Pay it Forward with an NWA Award Nomination
Paul Schlatter, NWA President
Happy Spring! With the arrival of spring (my favorite time of the year) comes another important aspect of this year’s theme, “Pay It Forward.” While the Oscars and Golden Globes have recently been handed out, did you know that it's almost time to submit nominations for the National Weather Association awards we hand out every year? The nomination process is quite simple, and award winners are announced during the lunch banquet on Wednesday during the Annual Meeting. There are few better ways to pay it forward than to nominate someone or a group deserving of one of NWA’s prestigious awards. “But Paul,” you may ask, “what’s the big deal about awards?” I have some strong feelings about awards, and let me expand on that next to inspire you to submit a nomination for someone deserving of an award.
My thoughts on awards are partially shaped from being a parent. I have two kids, ages 10 and 12. Throughout the past few years I have coached or helped coach their various sports teams including baseball, basketball, soccer, and flag football. At the end of the season, regardless of whether my kids’ teams won two or three games or went undefeated, everyone in the league received a participation medal. I know the trend of giving out participation medals began with the generation that followed mine (I am a Gen Xer): the Millennials. Back in the 1980s no medals were given out unless you won the championship. Don’t get me wrong, as with participation medals, there are a litany of complex issues surrounding the practice of giving awards only to the winners, including putting too much emphasis on winning. This is certainly not a rant against Millennials because they are our future and, in my opinion, they sometimes get a bad rap. Plus, it wasn’t like they asked to receive participation medals, they were kids at the time and fortuitously became the first generation to start getting them.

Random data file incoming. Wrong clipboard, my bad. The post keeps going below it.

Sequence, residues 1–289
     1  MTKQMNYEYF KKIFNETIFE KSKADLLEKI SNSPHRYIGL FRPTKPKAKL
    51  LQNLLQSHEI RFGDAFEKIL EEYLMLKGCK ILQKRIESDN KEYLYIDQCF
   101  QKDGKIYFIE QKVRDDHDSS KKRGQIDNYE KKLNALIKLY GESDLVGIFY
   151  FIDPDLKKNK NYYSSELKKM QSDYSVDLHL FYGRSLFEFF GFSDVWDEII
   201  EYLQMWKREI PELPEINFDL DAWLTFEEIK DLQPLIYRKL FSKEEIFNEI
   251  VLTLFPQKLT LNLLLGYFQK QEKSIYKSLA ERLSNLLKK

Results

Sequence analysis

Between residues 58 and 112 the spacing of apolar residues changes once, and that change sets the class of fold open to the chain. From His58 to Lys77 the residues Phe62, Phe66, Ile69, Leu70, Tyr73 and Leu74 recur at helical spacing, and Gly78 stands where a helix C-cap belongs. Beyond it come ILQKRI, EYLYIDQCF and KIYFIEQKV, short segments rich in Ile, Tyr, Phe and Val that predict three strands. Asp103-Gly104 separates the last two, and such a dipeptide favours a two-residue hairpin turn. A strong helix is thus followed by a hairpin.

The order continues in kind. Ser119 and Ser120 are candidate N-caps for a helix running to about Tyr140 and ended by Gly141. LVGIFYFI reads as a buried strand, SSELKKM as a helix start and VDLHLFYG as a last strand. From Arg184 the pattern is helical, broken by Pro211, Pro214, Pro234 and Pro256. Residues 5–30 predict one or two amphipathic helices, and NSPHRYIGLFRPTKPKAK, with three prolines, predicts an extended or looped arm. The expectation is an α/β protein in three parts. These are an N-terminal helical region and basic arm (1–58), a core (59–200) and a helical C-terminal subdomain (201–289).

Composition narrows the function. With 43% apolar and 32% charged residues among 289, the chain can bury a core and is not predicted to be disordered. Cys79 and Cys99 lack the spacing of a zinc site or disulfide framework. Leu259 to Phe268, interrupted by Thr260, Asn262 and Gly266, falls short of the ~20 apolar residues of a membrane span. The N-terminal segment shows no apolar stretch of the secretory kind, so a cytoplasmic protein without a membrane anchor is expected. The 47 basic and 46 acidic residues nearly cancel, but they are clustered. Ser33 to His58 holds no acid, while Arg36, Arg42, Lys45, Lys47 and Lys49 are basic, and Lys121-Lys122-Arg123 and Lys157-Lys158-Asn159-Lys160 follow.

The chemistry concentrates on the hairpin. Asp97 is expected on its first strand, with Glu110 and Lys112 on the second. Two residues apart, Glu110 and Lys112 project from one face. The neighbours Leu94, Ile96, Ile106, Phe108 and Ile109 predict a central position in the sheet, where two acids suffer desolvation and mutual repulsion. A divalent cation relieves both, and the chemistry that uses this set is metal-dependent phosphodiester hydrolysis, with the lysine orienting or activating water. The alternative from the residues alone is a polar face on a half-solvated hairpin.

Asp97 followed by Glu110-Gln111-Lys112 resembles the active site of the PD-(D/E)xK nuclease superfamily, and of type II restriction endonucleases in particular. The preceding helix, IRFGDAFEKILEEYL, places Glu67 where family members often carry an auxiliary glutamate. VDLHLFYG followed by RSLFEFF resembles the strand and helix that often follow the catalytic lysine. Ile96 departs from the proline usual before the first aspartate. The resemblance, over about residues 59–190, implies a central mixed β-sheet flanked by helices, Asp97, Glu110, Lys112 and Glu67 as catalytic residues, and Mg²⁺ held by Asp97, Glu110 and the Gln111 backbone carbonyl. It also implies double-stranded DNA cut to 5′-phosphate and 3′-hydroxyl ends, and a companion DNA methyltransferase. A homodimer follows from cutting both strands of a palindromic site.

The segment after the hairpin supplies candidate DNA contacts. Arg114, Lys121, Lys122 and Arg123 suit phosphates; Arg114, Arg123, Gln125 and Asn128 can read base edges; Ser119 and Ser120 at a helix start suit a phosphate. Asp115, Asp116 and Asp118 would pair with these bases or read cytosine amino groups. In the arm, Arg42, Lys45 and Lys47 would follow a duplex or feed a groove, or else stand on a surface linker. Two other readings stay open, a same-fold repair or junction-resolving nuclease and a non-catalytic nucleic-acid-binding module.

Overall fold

The issue I have with participation medals is that it rewards people for just showing up, thereby lessening the overall importance of winning and, to put it bluntly, striving for excellence. I do not agree we should strive to win at all costs. But there has to be a middle ground between showing up and doing everything possible to win. I am not trying to sound like a grumpy old person (I am 42 so am roughly more than half done with my life), but “back in my day” the only medals I ever got was when our team won the league. I was fortunate to be on teams in middle and high school that won a lot, so we received many trophies. It was a special feeling because we worked hard all year, played our best when it counted, and ended up playing better than the other teams. The reward was that we received something none of the other teams received. Today, I am aware that high school kids still receive trophies and other special medals, which is great. What about the rest of the iGeneration — my kids — as they just show up and receive medals whether they win or lose? This fact continues to annoy me because I believe awards and medals should be reserved for those that constantly pursue excellence. Thankfully, the NWA awards subscribe to this notion as well.